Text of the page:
Is It Correct That WEP Wouldn’t Apply To Spousal Benefits?
Hi Larry, This month I’m at my full retirement age of 66, and I’m currently receiving a government pension, but I haven’t retired through Social Security. My husband retired at 65, 7 years ago. His monthly Social Security retirement benefit is $2,612 and according to my Social Security statement, my monthly retirement benefit amount at 66 would be $997 before WEP. Since I was born after 1/2/1954, it is my understanding that I can’t apply under my husband’s record, and suspend filing on my record until I’m 70 years of age, though I’m not sure if I have any of that right.
And I read your response someone else today that said something to the contrary. Specifically regarding applying under a spouses record, and that WEP wouldn’t apply in that instance. Would you please clarify this for me? Thanks, Brooke
Hi Brooke, First note that you’re conflating filing a restricted application for spousal benefits only with filing for and suspending a retirement benefit. These are two separate, and mutually exclusive, actions. Restricting an application means filing for only one benefit when eligible for more than just that one. By definition, you can’t restrict your application to your spousal benefit only if you also file for and suspend your retirement benefit.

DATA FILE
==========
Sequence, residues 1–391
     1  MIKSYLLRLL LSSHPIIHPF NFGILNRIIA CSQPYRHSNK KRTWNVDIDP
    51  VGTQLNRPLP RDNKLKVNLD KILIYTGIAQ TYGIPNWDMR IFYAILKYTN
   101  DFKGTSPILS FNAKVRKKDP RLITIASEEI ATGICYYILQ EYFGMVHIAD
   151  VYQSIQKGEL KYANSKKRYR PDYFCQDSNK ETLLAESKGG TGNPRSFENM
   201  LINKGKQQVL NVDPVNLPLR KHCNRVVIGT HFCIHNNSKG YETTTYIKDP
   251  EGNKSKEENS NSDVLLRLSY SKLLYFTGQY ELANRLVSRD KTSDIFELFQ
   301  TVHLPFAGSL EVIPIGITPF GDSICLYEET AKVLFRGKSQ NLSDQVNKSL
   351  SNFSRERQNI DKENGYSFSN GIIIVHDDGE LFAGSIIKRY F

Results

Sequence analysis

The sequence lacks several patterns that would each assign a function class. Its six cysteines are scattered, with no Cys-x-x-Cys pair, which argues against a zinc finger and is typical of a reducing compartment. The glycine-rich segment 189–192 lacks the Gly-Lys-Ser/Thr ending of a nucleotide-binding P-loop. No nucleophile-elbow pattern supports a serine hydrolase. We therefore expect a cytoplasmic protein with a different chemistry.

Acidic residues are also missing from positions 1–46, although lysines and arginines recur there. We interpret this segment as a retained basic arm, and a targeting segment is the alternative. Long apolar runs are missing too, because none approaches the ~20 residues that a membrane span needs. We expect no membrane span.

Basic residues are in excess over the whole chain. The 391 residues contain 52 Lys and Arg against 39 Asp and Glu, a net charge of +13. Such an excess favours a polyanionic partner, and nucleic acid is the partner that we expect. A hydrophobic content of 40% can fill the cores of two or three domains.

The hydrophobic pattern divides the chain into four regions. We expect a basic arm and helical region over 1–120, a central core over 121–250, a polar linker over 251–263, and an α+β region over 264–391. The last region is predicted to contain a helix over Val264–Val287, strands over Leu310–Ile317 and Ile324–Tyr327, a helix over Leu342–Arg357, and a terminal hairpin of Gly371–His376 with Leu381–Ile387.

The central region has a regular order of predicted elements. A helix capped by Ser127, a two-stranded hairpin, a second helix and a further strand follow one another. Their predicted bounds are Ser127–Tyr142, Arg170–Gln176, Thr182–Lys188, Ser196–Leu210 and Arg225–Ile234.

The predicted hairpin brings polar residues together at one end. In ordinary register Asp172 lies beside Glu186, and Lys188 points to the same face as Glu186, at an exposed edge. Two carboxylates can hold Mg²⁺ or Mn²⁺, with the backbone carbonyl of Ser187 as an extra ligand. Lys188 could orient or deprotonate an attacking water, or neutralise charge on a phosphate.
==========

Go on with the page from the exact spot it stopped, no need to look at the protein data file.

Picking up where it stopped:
The new law did not eliminate spousal benefits. It just extended deeming for those born on or after 1/2/1954. Deeming means that when you apply for either your spousal benefit or your retirement benefit, you’re deemed to have filed for both and you only receive essentially the larger of the two. If your retirement benefit is larger, you receive it instead of your smaller spousal benefit. And if you were to suspend your retirement benefit, you wouldn’t be able to receive any other benefits while your retirement benefit is suspended.
What you may have read is that the Windfall Elimination Provision (WEP) does not directly apply to spousal benefits. WEP can only apply to Social Security retirement or disability benefits payable based on a person’s own work record. WEP can indirectly affect spousal benefits, though, in that spousal benefits are paid based on a percentage of the worker’s primary insurance amount (PIA). A person’s PIA is equal to their Social Security retirement benefit rate if they start drawing their benefits at full retirement age (FRA). Therefore, if a worker’s PIA is lower due to WEP, any auxiliary (e.g. spousal, child) benefits payable from that worker’s record would also be lower.